not think his apprehension, lest he should appear somewhat “hypercritical,” altogether groundless. We could say something in praise of McFingal and the Vision of Columbus, were this the place to appear as their advocates. We could say much of the seculiar frofiriety of denouncing such performances in a preliminary epistle to one of the humbler satires of Juvenal, and some smaller poems, not more in bulk, than a few columns of an ordinary newspaper would afford. We could say still more of the modesty of the author in admitting this rude and indiscriminate attack upon his predecessors and superiours. But this modern Achilles is not residered altogether invulnerable by the waters of adulation, in which, through paternal (we presume) rather than parental tenderness, he has been faithfully immersed. Nor has this process given him that confidence in his own prowess which it seems designed to have afforded. He has generally. yielded the precedency to Mr.Gifford, and he has not been scrupulous in following his interpretations, and frequently borrowing his rhymes, and copying his verses with little variation of language. From a very cursory comparison of the two translations we have selected a few, out of numerous examples, to evince the correctness of our assertions.

[blocks in formation]
[blocks in formation]

No one will contend that these and numerous other resemblances of the same kind could be mere accidental coincidences. The same sentinent, circumscribed within the same limits, in similar language, and the same rhyming words, and admission even of the same peculiarities of expression, are sufficient proofs of our author's freedom with Mr. Gifford. There are other more trifling marks of imitation, on which we shall not dwell ; such as similar expletives, and exclamatory phrases in parallel passages ; as, ye Gods ! for Mr. G.'s heavens ! both equally unauthorised by Juvenal ; and a resemblance in a construction of the verses of the two authors in the translation of the same pasSages.

The author of the translation before us has ascribed no particular character to his work; and indeed it is difficult to ascertain it very exactly. He is seldom scrupulously faithful to Juvenal, and generally loses those finer parts, which make the very spice of satire. He would seem quite unaspiring in his views; for he firesumes not to enter the lists with Mr. Gifford. We cannot suspect him of such an intention. He is not sufficiently independent for a rival. He has a guide of whom he rarely loses sight ; for he generally follows where Gifford leads. His

apology for publishing is one,which we have heard before, but wish never to hear again. It is, that the production is American. By admitting such an apology as this, we should concede that every literary man among us writes for a very inferiour order of readers. We are of the number, who value a book according to its abstract merit ; and have too much pride to listen with patience to writers, who, in the style of our author, undervalue their countrymen so much, as to tell them, in effect, the specimens we give you from our literary mines will doubtless be esteemed precious by you, but in England they would be ranked among the baser metals. The republick of letters, as it has been termed, especially as including nations, speaking a common language, is one and indivisible. There is an universality in its laws, which no minor portion of it has a right to violate ; and it is absurd to affix different standards of good writing, where all have access to the same principles, and all are ultimately liable to be arraigned before the same tribunals. Without presuming to guess what freedom the unknown translator proposed to himself in his undertaking, we shall first select one or two passages in which we find more of our author, than of Juvenal. According to Juvenal, Umbritius, after satirizing several vices prevalent at Rome, which he detested, and with which he was not himself conversant, adds,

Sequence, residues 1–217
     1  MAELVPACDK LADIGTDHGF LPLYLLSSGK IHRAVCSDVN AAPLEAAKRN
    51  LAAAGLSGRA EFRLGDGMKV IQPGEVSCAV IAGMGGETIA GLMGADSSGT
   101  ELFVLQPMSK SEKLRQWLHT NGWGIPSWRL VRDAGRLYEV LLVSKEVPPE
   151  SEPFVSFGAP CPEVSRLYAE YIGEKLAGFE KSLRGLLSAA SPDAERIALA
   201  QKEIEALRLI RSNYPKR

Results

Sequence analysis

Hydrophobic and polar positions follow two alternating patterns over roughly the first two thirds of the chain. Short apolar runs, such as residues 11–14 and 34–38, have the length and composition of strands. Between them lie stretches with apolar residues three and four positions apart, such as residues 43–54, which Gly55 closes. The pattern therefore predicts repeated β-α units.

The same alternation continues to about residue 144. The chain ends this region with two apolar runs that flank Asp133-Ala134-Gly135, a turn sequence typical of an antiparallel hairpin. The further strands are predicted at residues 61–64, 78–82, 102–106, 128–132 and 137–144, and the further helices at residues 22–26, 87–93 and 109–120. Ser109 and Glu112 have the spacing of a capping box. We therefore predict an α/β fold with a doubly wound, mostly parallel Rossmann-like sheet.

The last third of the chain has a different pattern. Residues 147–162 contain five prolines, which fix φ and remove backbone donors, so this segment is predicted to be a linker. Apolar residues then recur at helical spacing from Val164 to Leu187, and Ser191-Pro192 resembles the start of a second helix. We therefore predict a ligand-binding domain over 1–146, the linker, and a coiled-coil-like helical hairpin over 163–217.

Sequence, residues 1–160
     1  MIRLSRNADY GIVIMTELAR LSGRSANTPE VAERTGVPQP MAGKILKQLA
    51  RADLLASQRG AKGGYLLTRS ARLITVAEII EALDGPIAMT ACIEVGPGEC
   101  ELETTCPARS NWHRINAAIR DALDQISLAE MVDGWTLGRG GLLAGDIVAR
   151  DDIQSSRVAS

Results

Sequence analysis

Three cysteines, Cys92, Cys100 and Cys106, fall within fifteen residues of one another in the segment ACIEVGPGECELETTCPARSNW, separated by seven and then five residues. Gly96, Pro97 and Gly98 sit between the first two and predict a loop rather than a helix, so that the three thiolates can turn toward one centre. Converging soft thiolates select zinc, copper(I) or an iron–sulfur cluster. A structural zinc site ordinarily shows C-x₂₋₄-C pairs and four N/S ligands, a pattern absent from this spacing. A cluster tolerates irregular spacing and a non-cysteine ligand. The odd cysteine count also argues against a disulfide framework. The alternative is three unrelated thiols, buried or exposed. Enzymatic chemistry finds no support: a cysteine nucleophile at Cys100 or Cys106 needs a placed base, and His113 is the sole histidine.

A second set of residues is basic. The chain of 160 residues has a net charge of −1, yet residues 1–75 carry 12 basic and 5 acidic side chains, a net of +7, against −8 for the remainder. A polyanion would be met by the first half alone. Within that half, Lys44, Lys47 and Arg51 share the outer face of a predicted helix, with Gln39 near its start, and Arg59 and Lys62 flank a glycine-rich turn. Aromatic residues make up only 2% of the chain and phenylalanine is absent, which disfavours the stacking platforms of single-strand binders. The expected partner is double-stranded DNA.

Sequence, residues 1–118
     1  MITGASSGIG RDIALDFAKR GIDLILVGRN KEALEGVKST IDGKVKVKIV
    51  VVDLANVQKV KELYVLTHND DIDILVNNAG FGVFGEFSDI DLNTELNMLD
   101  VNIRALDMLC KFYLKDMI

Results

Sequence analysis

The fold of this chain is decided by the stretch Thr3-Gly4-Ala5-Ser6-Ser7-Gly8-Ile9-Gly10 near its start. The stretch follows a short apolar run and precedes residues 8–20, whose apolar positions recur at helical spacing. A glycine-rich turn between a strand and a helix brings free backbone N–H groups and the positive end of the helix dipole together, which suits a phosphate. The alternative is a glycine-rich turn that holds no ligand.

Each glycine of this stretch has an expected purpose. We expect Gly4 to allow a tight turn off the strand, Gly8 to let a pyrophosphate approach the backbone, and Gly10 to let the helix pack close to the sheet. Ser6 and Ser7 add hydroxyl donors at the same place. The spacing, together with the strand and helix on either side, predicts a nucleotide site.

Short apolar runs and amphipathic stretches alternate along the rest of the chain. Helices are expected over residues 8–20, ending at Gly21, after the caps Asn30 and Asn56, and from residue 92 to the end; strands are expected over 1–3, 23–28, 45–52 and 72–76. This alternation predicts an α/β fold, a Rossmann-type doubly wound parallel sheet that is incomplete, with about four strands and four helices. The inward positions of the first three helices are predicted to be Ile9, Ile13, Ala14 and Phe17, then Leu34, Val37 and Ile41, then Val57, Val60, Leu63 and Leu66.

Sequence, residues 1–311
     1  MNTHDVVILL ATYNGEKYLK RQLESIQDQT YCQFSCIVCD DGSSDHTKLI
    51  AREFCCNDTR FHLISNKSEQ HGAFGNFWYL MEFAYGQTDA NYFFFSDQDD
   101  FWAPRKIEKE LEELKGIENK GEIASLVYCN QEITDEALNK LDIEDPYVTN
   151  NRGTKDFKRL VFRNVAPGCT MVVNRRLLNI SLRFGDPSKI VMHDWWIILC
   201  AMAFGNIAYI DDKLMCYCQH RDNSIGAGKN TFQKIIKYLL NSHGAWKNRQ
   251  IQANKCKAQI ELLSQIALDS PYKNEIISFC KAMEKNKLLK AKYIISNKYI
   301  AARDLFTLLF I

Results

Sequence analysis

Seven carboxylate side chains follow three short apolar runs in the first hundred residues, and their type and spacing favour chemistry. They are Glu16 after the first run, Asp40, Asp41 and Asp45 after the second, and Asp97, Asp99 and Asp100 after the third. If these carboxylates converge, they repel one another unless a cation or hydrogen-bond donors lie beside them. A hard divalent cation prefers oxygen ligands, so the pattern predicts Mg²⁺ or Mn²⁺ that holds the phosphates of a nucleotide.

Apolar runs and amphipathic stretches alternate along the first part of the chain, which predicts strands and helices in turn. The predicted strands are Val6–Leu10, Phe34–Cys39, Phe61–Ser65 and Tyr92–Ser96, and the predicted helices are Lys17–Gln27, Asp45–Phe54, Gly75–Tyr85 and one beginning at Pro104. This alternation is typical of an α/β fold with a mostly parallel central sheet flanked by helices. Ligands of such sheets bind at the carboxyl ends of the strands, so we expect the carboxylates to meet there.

Sotis nunc diligitur, nisi conscius, et cui Jervens

AEstuat occultis animus, semperque tacendis 2 Ver. 49

. But whilst the great my zeal and service scorn, What virtues, say, the chosen friend adorn,

To whom they dare the secret soul reveal The holy league by mutual guilt they seal ; He shares the heart in these polluted times, Whose conscience pants with secret, nameless crimes. Ver. 75.

The simple inquiry is, who is now in favour, excefut the man whose breast is tormented with sccret crimes, which he never dares disclose 2 But our translator makes' the virtuous and voluntary exile

complain of the contempt, which

his zeal and services had met with, and talks of the holy league (of scoundrels) sealed by mutual guilt, &c.; all which freedom may answer very well for paraphrase, but is no property of a translation. Another selection which we make is the conclusion of a passage, which describes the venal state of Rome, and the universal power ef bribery in the purchase of favour and security.

Plena domus libis renalibus; accipe, et

istad Fermentum tibi habe ; prestare tributa clientes Cogimur, et cultis augere peculia servis. Ver. 187. The clients run and all their presents bear. 'Tis thus the fav 'rite swells his growing store,

Receiving still and asking still for more; For since these slaves alone the patron sway, This is a tax we all are forced to pay. - Ver. 270.

Without remarking upon the translator's neglect of the first part of the original here quoted, of which kind of neglect we shall cite some other examples presently, we cannot but notice the wonderful fermentation of the latter part of this passage in its progression into English. Far be it from us to question our author's skill in his (aboured commentary and subtle in

« PreviousContinue »